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Alright, before I get to the meat of the problem, I'll say I don't have much experience with linux at all. I am familiar with Windows, and have has a ...
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  1. #1
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    Muktiboot + Partitioning


    Alright, before I get to the meat of the problem, I'll say I don't have much experience with linux at all. I am familiar with Windows, and have has a little exposure to Ubuntu, but not much. I'll try to keep it short but it's not something I'm particularly good at.

    Anyways, the world of open source has always intrigued me and I've decided to dive right in and multiboot linux on my laptop. I tried using Ubuntu before, Dual booting it onto my PC with windows XP but that didn't help me at all because in the end I never booted into Ubuntu. So I figure the only way to make myself learn linux is to go cold turky and throw windows in the trash.

    I've been doing a whole lot of reading these past few days, from distro's too console commands and I'm liking what I'm reading. So I basically set out a plan for what I was going to do.

    Main OS: Kubuntu
    Secondary OS: Arch
    Third OS: Backtrack
    Fourth OS: Gentoo

    The ideas behind these choices are that Kubuntu will be my main desktop OS, Arch and Gentoo will be used to learn linux and bt is there for its flexibility.

    I've been asking around some other places about witch distro's will REALLY teach you linux, and I the majority of responses seem to point to Arch and Gentoo.
    I've also read a lot about LFS, seems really fun and interesting but I think it's beyond my scope atm.

    So as I've been planning all of its stuff by downloading everything I need, I got stuck when I went looking for information about partitioning. Basically, what I'm looking for is a cut and dry description of how I should be partitioning my drive for what I'm trying to attempt. Many of the guides I've found give you a barebones look at what I should be doing but none of the ones I've found go into specifics.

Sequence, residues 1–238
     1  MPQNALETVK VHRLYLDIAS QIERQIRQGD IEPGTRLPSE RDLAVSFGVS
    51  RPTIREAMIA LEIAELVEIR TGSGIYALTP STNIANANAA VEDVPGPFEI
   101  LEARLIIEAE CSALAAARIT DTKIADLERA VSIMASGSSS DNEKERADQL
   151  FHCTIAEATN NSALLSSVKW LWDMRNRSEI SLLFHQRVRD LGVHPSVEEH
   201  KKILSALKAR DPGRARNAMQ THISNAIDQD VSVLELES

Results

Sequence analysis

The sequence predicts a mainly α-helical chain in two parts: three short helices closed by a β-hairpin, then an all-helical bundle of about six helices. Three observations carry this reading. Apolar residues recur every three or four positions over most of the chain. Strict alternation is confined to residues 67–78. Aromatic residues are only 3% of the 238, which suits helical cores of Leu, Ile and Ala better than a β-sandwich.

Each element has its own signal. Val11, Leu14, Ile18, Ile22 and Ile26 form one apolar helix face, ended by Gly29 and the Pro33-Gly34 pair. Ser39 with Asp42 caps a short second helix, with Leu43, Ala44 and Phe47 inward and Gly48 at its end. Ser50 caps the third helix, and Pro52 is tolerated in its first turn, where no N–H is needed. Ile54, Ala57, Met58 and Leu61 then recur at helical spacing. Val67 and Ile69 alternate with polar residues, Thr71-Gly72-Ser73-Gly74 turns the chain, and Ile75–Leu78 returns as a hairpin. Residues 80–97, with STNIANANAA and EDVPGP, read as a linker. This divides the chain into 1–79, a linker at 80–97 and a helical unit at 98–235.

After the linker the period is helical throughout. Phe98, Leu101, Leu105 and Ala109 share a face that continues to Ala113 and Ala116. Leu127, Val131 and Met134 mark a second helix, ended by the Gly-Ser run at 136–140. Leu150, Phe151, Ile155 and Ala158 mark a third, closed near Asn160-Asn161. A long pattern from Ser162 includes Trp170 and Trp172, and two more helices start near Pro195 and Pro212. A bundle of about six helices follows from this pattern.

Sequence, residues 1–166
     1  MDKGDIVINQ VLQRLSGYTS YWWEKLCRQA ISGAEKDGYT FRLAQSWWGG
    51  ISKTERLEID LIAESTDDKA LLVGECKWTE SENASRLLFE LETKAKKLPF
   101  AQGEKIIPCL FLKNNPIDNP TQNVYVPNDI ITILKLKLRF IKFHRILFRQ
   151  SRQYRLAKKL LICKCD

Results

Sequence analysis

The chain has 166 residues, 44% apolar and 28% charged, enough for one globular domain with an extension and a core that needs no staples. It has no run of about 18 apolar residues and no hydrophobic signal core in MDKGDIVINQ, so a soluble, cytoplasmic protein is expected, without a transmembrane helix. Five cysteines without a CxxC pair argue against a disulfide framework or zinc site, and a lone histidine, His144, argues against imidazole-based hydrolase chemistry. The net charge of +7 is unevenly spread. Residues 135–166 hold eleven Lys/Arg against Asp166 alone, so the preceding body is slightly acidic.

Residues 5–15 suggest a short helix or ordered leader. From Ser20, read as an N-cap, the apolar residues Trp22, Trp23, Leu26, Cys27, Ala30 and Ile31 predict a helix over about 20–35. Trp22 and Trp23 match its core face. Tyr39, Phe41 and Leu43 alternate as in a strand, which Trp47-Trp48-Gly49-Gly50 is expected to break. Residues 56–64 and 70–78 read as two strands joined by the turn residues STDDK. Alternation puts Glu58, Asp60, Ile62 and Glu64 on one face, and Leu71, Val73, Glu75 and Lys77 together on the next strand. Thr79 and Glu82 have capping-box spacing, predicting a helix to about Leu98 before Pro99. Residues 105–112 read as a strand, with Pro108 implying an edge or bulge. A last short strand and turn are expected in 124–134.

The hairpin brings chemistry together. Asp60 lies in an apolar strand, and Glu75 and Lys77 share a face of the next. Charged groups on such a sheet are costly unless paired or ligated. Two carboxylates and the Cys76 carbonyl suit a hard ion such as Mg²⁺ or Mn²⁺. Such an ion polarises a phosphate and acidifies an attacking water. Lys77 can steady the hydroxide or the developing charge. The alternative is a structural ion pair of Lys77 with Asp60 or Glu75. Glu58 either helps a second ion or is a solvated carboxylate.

I think - from what I've been reading - is that I need 3 Primary Partitions, and 1 Logical. The first three will be used for the first OS while the rest of the OS' will be installed on the logical partitions. This is basically the level of depth the guides go into and has me literally teaming with questions about how to set this all up.
    Here are a few:

    What names should I be naming all these partitions? Also what Formats? Ext1, Ext2, Ext3, Ext4 Differences?
    What does each primary partition do exactly? What are their purposes? What are the relative sizes they need to be to successfully perform these jobs?
    How many partitions does a regular OS use/need and how do I configure this?
    How many logical partitions do I need? Do I need a root partition for each OS? What is a swap partition, do I need it, size and does it need to be primary?

    And there are plenty more.

    Because I'm not dual booting with windows, many of the guides I've found are not particularly helpful.
    http//)kubuntuguide<dot>org/Multiple_OS_Installation
    This one in particular has helped a lot but has confused me a lot also.
    One of the predominant things in this guide is the differences of GRUB Legacy and GRUB2. I kinda understand what I have do to get around it but it's pretty taxing on my brain because i don't understand everything 100%, just the basic idea.

    So that's pretty much the extent of my problem, I'm sure I've missed out some kind of crucial aspect so just ask me and I'll reply asap. Basically I'm in need of some help partitioning my HD. It's 360GB (See I knew I missed something) The laptop is an ASUS UL50V
    If there are any guides for partitioning that you think I might benefit from reading, those would be greatly appreciated also.

    Cheers, Strider

  2. #2
    Linux Engineer nujinini's Avatar
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    Hello & Welcome strider,

    Alright, before I get to the meat of the problem, I'll say I don't have much experience with linux at all. I am familiar with Windows, and have has a little exposure to Ubuntu, but not much. I'll try to keep it short but it's not something I'm particularly good at.


    Anyways, the world of open source has always intrigued me and I've decided to dive right in and multiboot linux on my laptop. I tried using Ubuntu before, Dual booting it onto my PC with windows XP but that didn't help me at all because in the end I never booted into Ubuntu. So I figure the only way to make myself learn linux is to go cold turky and throw windows in the trash.